Currently, most financial advisors that work for brokerage firms as well as insurance agents do not have a fiduciary relationship with their clients. Instead, they are held to a standard of fairness in making recommendations to their clients that are suitable and consistent with the clients’ interest.
Leveling The Advisor Playing Field
In 2016, the Department of Labor (“DOL”) expanded and clarified who is a fiduciary in regards to working with retirement plans including employer sponsored plans and individual retirement accounts (“IRA”s) that are created when an individual rolls over their balances from an defined contribution plan such as a 401k.
The DOL’s rationale for making the change is that compared to when the original definition as to who is a retirement plan fiduciary was passed in 1975, today the investment landscape is much more complex in terms of the number of investment choices individuals face.
The DOL wrote in the Federal Register where the new rules were published that if some advisors are not fiduciaries then “they may operate with conflicts of interest and have limited liability under federal pension law for any harms resulting from the advice they provide. Non-fiduciaries may give imprudent and disloyal advice; steer plans and IRA owners to investments based on their own, rather than their customers’ financial interests; and act on conflicts of interest in ways that would be prohibited if the same persons were fiduciaries.”
A Very Big Deal
This proposed change is a very big deal as it raises the standard of care and potential liability for broker-dealer representatives and insurance agents in working with employee benefit plans and beneficiaries including retail investors’ individual retirement accounts.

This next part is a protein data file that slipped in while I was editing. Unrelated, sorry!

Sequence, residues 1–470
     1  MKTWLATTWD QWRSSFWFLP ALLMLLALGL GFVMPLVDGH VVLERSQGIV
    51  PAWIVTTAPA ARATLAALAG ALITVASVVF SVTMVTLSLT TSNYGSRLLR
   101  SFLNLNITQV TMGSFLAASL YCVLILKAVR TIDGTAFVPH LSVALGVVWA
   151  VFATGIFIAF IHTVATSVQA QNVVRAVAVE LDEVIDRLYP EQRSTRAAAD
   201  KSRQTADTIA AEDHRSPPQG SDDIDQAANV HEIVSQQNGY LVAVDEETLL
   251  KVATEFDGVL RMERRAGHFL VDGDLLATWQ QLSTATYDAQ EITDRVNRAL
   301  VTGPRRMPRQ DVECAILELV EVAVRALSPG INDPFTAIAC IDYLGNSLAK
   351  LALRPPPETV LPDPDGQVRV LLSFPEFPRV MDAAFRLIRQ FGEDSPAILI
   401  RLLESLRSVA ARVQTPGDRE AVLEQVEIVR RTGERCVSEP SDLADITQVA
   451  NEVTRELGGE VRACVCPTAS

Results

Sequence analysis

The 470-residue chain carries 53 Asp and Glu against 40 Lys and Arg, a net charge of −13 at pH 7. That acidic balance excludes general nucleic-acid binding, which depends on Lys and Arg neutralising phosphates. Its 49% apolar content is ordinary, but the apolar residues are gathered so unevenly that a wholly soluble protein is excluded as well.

The consulting firm ATKearney estimated that the DOL’s new fiduciary rule would cost the brokerage industry $11 billion in revenue over the next four years as assets shift from more expensive products and solutions to less expensive solutions, such as roboadvisors.
The new rules don’t prohibit commission-based compensation arrangements. Rather, they require a brokerage firm “to acknowledge fiduciary status for itself and its Advisers” and “adhere to basic standards of impartial conduct.” That means giving “prudent advice that is in the customer’s best interest, avoid misleading statements and receiv[ing] no more than reasonable compensation.”
The new fiduciary duty rule was supposed to take effect next month, but in early February President Trump issued an Executive Order delaying implementation out of concern that the new fiduciary rule “may significantly alter the manner in which Americans can receive financial advice, and may not be consistent with the policies of [his] Administration.”
The order directs the Department of Labor to determine whether the new rule has harmed or will likely to harm investors due to a reduction of Americans’ access to certain retirement savings offerings, retirement product structures, retirement savings information, or related financial advice” or will increase the prices investors must pay to gain access to retirement services or cause an increase in litigation.
A Higher Standard
A higher standard and an even playing field for all financial advisors would most likely lead to an increase in litigation. But it would also give individuals more confidence that their financial advisor is acting in good faith and is considering their best interest.
Best interest and undivided loyalty does not always mean that the cheapest product is best or one without a commission. It means the financial advisor should disclose the pros and cons of any strategy and have a frank discussion about costs and benefits rather than just making disclosures in the fine print.